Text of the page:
JANUARY 22, 2011 MEETING
CMS WINTER MEETING PROGRAM
WILLIAM ANDREWS CLARK LIBRARY, UCLA
SATURDAY, JANUARY 22, 2011
08:30 Registration and morning refreshments
09:00 Welcome Phil Simon, President CMS, Juan Ceva, Vice President, Southern California CMS and Nina Schneider, Acting Head Librarian of the William Andrews Clark Memorial Library.
09:20-10:05 "The Serendipitous Journey Toward ‘Los Angeles in Maps’ and Some Stories and Map Folks I Met Along the Way" by Glen Creason. The map librarian at the Los Angeles Public Library and co-curator of the landmark exhibition ‘L.A. Unfolded: Maps from the Los Angeles Public Library’, will discuss his recent work “Los Angeles in Maps”. Creason has written about local history, maps and popular culture in numerous publications. He is a native Angeleno, born and raised in South Gate.
10:05-10:50 "Using Martian Maps to Land on Mars" by Michael Watkins, NASA Jet Propulsion Laboratory (JPL). Mars Science Laboratory (MSL) Mission Manager, Mike Watkins, will discuss how JPL goes about selecting a landing site on Mars for the next super Mars Rover (MSL). The landing site selection is the arduous work of engineers and scientist using the best cartography available of the Mars surface to find a balance between mission engineering risks and landing-site scientific interests.
10:50–11:05 Morning break and refreshments
11:05-11:50 “A Neogeographical Approach to Aerial Imaging” by Stewart Long, GonzoEarth Aerial Imaging Services (gonzoearth.com). Aerial mapmaker, Stewart Long, will discuss grassrootsmapping.org and the volunteer-led citizen approach to documenting the Deepwater Horizon oil disaster in the Gulf of Mexico. The neogeographic approach to aerial imaging involves inexpensive tools that are available to everyone and that empower citizens to collect information in more than a symbolic manner. The crowd-sourced field mapping techniques produce and interpret information that was once the sole domain of government and industry.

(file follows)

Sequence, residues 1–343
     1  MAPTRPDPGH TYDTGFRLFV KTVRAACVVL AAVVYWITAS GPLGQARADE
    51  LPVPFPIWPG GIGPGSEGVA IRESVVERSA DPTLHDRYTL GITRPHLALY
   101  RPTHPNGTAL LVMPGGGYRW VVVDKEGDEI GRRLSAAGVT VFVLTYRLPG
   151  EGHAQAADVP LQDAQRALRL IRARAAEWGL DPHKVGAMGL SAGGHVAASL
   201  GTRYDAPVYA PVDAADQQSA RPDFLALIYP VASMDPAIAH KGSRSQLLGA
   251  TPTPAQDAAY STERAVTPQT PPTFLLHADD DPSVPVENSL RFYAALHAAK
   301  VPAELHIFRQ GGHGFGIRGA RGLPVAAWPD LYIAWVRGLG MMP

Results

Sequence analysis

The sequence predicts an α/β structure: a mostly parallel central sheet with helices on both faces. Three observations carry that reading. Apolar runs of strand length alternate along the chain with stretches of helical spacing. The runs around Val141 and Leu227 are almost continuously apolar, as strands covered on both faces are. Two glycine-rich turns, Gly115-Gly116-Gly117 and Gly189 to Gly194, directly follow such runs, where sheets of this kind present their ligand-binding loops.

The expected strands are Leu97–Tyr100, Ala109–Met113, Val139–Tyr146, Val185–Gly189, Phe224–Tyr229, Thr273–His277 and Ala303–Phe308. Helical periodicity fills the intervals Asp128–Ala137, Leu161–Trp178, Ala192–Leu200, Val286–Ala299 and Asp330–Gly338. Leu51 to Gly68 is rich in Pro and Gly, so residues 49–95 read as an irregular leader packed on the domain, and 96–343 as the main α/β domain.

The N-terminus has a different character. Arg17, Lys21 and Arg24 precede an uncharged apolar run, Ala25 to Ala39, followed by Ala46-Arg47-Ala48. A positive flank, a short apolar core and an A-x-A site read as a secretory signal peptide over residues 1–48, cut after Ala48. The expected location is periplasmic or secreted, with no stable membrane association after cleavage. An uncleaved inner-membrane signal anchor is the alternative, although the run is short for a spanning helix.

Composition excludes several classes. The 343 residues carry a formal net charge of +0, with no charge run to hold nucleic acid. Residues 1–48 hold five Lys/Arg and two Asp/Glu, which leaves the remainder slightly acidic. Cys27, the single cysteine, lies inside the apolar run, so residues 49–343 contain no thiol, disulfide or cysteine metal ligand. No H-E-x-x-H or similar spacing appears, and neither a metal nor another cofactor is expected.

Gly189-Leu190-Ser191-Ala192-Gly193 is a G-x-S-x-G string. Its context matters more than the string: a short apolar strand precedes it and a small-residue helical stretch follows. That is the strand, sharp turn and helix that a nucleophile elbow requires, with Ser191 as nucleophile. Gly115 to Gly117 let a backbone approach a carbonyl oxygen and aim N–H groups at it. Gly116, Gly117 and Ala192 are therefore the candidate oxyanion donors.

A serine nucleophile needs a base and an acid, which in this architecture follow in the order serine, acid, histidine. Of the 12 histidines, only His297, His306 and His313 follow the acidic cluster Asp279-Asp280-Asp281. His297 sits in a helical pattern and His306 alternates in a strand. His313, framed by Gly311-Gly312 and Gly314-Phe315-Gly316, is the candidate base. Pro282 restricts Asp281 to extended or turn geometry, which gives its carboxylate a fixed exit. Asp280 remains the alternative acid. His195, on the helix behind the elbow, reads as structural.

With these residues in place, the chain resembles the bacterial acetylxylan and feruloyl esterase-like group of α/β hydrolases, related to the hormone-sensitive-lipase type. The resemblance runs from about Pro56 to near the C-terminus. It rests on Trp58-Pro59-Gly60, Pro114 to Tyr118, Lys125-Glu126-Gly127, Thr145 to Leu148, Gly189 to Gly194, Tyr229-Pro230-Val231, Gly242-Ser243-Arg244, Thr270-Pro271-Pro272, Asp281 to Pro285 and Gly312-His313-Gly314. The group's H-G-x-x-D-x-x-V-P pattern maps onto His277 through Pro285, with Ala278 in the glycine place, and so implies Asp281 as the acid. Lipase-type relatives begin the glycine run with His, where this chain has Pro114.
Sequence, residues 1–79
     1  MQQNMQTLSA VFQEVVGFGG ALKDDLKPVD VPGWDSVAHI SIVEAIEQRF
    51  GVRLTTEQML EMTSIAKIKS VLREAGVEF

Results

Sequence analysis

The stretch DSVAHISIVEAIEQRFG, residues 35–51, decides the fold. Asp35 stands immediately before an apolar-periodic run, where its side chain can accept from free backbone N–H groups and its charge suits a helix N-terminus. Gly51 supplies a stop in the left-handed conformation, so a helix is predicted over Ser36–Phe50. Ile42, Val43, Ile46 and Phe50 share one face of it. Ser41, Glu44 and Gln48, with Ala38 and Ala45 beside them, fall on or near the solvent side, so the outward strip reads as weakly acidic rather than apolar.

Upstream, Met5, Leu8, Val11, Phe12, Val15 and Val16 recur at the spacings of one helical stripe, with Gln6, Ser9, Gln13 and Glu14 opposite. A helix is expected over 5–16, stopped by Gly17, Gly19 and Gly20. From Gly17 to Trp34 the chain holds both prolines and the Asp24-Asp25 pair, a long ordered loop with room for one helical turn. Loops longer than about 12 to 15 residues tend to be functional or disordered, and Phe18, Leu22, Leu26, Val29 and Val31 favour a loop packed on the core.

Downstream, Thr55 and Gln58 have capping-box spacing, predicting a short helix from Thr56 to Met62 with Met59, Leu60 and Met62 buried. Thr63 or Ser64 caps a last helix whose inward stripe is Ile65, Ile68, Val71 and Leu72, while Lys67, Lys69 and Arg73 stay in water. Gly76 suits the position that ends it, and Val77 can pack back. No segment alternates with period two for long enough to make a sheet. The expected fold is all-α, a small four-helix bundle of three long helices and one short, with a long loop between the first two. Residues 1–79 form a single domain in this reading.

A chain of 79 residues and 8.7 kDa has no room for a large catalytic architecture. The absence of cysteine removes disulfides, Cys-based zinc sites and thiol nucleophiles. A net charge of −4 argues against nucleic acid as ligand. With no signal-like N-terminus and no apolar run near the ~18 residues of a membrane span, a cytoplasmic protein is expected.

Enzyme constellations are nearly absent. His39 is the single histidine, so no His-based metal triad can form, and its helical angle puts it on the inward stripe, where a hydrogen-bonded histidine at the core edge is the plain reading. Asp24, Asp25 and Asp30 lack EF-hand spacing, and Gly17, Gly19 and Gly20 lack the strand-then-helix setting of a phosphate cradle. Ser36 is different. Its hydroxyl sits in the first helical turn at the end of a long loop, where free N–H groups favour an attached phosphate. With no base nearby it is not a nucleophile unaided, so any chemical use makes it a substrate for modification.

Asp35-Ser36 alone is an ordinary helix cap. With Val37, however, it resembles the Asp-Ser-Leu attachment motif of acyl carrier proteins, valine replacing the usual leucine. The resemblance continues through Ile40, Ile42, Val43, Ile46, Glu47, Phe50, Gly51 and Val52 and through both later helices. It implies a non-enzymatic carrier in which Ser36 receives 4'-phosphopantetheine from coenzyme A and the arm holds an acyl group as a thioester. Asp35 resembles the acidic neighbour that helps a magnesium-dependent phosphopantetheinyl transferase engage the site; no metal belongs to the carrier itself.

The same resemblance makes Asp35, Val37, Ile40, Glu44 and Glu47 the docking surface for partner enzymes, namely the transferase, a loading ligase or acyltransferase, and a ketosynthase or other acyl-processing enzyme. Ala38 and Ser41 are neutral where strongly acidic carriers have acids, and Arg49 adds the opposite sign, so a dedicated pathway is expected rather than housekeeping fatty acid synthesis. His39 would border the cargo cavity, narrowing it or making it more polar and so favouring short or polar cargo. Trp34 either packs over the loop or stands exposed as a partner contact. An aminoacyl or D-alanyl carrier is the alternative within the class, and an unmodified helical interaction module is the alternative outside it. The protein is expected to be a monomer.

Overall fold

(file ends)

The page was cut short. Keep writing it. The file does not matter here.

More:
1:00-1:45 “Changing Boundaries: A Collection of Maps Showing the Evolution of the US-Mexico Frontier” by Simon Burrow, a graduate of CSULA and a retired serial entrepreneur. Soon after opening his first factory in Mexico in 1985 he started collecting maps of the border region. By the time he retired in 2003 he had over 80 maps that tell the story of why the border is where it is. In his talk he will examine details of a half dozen of the maps and share some border stories about them. The Changing Boundaries Exhibit will be at CSULA during February 2011.
1:45–2:00 Afternoon break and refreshments
2:00–2:30 “Map Dealers and Collectors in the 21st Century, an Open Discussion”. Famed map dealer Barry Ruderman of Barry Lawrence Ruderman Antique Maps Inc., whose internet gallery launched in 1996, will give his impressions and entertain questions about how map dealership and collecting has changed with the internet. He will also discuss the concept of digital philanthropy.
2:30–3:30 Members’ Favorite Cartographic Items. CMS members are encouraged to bring their favorite cartographical items and give a short overview of them. Please contact Juan Ceva to let him know you would like to participate.
3:30-4:00 General Membership Meeting (open to all our members).
4:00-5:00 Directors’ Meeting (Interested members are encouraged to stay and participate).
President Phil Simon called the meeting to order at 9:00 AM and introduced those new members in attendance. Juan Ceva, Vice President for Southern California added his greetings and introduced Nina Schneider, Acting Head Librarian at the Clark who noted that the Clark was the oldest Special Collections library at UCLA. Built in 1924 in the style of Hampton Court, the library was completed in two years, opening in 1926. William Andrews Clark Jr. was the owner and is well known locally as the founder of the Los Angeles Philharmonic Orchestra. He donated the library and its grounds to UCLA shortly after its completion. The interior has been maintained as it was received, a magnificent venue for our meeting. A fine selection of the library’s books and maps was specially arranged for our meeting.